Former Tennessee Governor Don Sundquist joins BioPet Vet Lab Board of Directors


            Knoxville, TN – BioPet Vet Lab, a biotechnology company specializing in canine genetic testing, is pleased to announce that former Tennessee Governor Don Sundquist has joined its Board of Directors. 

            BioPet, a Knoxville, TN, based company, has recently launched their franchise program for PooPrints™, a product designed to promote responsible pet ownership and address one of the world’s growing environmental problems.  Governor Sundquist’s experience in dealing with the government will be a great plus to BioPet Vet Lab as they move forward with the PooPrints™ franchise program.

            Governor Sundquist served as governor of Tennessee from 1995 to 2003.  He also served as US representative from 1982 to 1994.  Presently he is a Partner at Sundquist Anthony LLC, Director at Howard Baker Center for Public Policy – University of Tennessee, Advisory Board Member at ICCF (International Conservation Caucus Foundation), and Governors Board of Director, among several other board appointments.  In addition, he remains active in his consulting firm in Washington, DC.

            Over the past 30 years, the canine population in the United States has doubled to over 78 million pets.  Records show that up to 40% of dog owners do not pick up the droppings, creating an increasingly negative environmental impact.  Consumer Reports survey in 2010 has shown that the nuisance from this is now ranked no.6 on their list of “America’s Top Gripes,” right below unreliable internet service.  The greater impact, however, occurs when the droppings wash into lakes, rivers, and streams, bringing a host of bacteria with them.  Because of this, the EPA now ranks the pollution problem in the same health category as toxic chemicals and oil entering the water supply. 

            Eric Mayer, Director of Franchise Development at BioPet, states that the EPA lists pet waste management at the top of their guidelines for Pollution Prevention/Good Housekeeping for Municipal Operations, and that there have been several reports recently of lakes and rivers closing from ground seepage.  He further states the general public does not understand the very real health and environmental risks that dog waste poses.  As an example, each dog dropping carries approximately 3 billion fecal coliform bacteria including Salmonella and E.coli.  Exposure to these microbes not only causes fish kills, but can also transfer from dog-to-dog, and dog-to-human.

            BioPet views PooPrints™ as the responsible answer to solving these environmental and health problems.  Government regulation related to pet waste management will soon be implemented on a large scale, as many cities and towns currently have these ordinances on the books.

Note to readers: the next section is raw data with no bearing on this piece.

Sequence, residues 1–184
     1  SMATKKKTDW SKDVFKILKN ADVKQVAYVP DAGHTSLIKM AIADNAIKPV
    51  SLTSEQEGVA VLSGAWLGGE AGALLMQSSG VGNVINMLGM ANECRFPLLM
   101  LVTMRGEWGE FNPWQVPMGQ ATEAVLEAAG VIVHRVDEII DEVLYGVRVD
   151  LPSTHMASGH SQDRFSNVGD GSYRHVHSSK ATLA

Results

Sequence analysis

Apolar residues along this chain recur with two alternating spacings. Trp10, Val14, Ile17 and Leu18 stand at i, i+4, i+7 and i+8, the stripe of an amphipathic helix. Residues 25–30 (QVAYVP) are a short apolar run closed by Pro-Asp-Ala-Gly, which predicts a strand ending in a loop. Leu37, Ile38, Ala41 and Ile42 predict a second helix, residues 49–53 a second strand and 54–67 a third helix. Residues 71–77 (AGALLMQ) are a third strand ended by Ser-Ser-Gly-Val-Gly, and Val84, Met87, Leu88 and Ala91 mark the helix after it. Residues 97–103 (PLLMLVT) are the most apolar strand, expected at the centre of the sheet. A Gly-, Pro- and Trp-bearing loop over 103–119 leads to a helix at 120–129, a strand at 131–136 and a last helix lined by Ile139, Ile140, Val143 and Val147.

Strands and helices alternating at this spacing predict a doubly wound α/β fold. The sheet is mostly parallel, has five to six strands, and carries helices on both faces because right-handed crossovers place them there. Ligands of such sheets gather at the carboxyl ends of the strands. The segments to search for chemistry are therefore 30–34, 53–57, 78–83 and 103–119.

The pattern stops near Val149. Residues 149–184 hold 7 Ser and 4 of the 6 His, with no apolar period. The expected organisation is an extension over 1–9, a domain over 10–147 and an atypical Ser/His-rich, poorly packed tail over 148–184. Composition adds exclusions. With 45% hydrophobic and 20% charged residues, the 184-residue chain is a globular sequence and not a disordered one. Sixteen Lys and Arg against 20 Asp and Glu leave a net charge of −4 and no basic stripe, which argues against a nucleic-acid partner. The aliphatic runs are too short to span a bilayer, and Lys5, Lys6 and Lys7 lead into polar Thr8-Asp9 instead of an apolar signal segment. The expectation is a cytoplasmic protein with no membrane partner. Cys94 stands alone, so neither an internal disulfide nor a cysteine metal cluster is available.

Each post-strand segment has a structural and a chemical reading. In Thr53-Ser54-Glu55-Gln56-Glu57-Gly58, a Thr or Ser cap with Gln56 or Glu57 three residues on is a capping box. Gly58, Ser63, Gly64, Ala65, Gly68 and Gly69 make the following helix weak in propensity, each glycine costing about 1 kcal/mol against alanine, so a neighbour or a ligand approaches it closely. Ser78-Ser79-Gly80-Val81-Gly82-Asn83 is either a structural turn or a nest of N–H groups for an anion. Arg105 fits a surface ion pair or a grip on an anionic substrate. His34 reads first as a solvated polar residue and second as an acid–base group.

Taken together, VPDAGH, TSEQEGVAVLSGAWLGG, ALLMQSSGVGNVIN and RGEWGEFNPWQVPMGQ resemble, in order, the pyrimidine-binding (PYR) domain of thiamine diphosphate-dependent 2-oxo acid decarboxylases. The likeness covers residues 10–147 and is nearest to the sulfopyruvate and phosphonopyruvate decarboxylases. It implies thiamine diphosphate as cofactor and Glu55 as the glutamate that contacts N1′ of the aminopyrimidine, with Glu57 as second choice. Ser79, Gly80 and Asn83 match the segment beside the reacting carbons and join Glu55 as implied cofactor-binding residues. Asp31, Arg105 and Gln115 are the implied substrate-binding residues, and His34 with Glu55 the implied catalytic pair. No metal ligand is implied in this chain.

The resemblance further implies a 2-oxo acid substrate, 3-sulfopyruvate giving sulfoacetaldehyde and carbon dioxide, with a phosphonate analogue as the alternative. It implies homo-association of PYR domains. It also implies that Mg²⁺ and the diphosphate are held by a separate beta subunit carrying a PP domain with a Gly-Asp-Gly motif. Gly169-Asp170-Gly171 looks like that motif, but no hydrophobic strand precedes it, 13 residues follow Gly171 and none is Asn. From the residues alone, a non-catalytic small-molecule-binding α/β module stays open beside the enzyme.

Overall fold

###

            About BioPet Vet Lab:  BioPet Vet Lab is an animal DNA testing laboratory located in Knoxville, Tennessee. BioPet’s research and development group explores genetic science in order to offer new tests that can be used to improve the healthcare and quality of life for our beloved pets. For additional information about BioPet Vet Lab, visit their website at www.biopetvetlab.com.

            DUNCAN CALLS THE DREAM ACT “COMMON SENSE LEGISLATION IN KEEPING WITH CORE AMERICAN VALUES”


            U.S. Secretary of Education Arne Duncan told Congress today that the Administration supports passage of the Development, Relief, and Education for Alien Minors Act, or DREAM Act, for two basic reasons: it’s crucial for meeting our national goals and future workforce needs, and also sends the right message about the value of hard work and our Nation’s basic sense of fairness.
             
            In testimony at the first-ever Senate hearing on the DREAM Act before the Subcommittee on Immigration, Refugee, and Border Security, Duncan said, “The DREAM Act is a common-sense piece of legislation that is in keeping with core American values. It will open the doors of higher education to those individuals who were brought to American by their parents as undocumented children.  And in the process we will sustain our economic competitiveness into the future.”
             
            The DREAM Act, which creates opportunities for young people to attend college or serve in the military even though they don’t have documentation, requires a rigorous process to qualify: they must prove they came to the United States before the age of 16, have lived here for at least five years, graduated from high school or received a GED, possess good moral character, and been admitted to an institution of higher education or to serve in the military.  Only once they’re in college or serving in the armed forces will they have the chance to earn a legal status.

            “These are demanding standards that demonstrate academic achievement and personal integrity,” Duncan said.
             
            It is estimated that each year, 65,000 young people graduate from high school in the U.S. and find themselves unable to work, join the military or go to college because of their immigration status. Approximately 800,000 young people would be eligible for the DREAM Act upon passage. 
             
            Duncan discussed the DREAM Act in relation to the President’s 2020 goal for America to once again be the country with the highest proportion of college graduates, pointing out that students served by the DREAM Act will help grow our workforce and fill shortages in STEM jobs and other high-demand fields. 

            He called higher education “an economic growth engine and a ticket to a middle-class lifestyle,” and outlined the many benefits of attending college, including higher earnings and by extension, tax revenue; lower unemployment, and greater likelihood to vote and do volunteer work.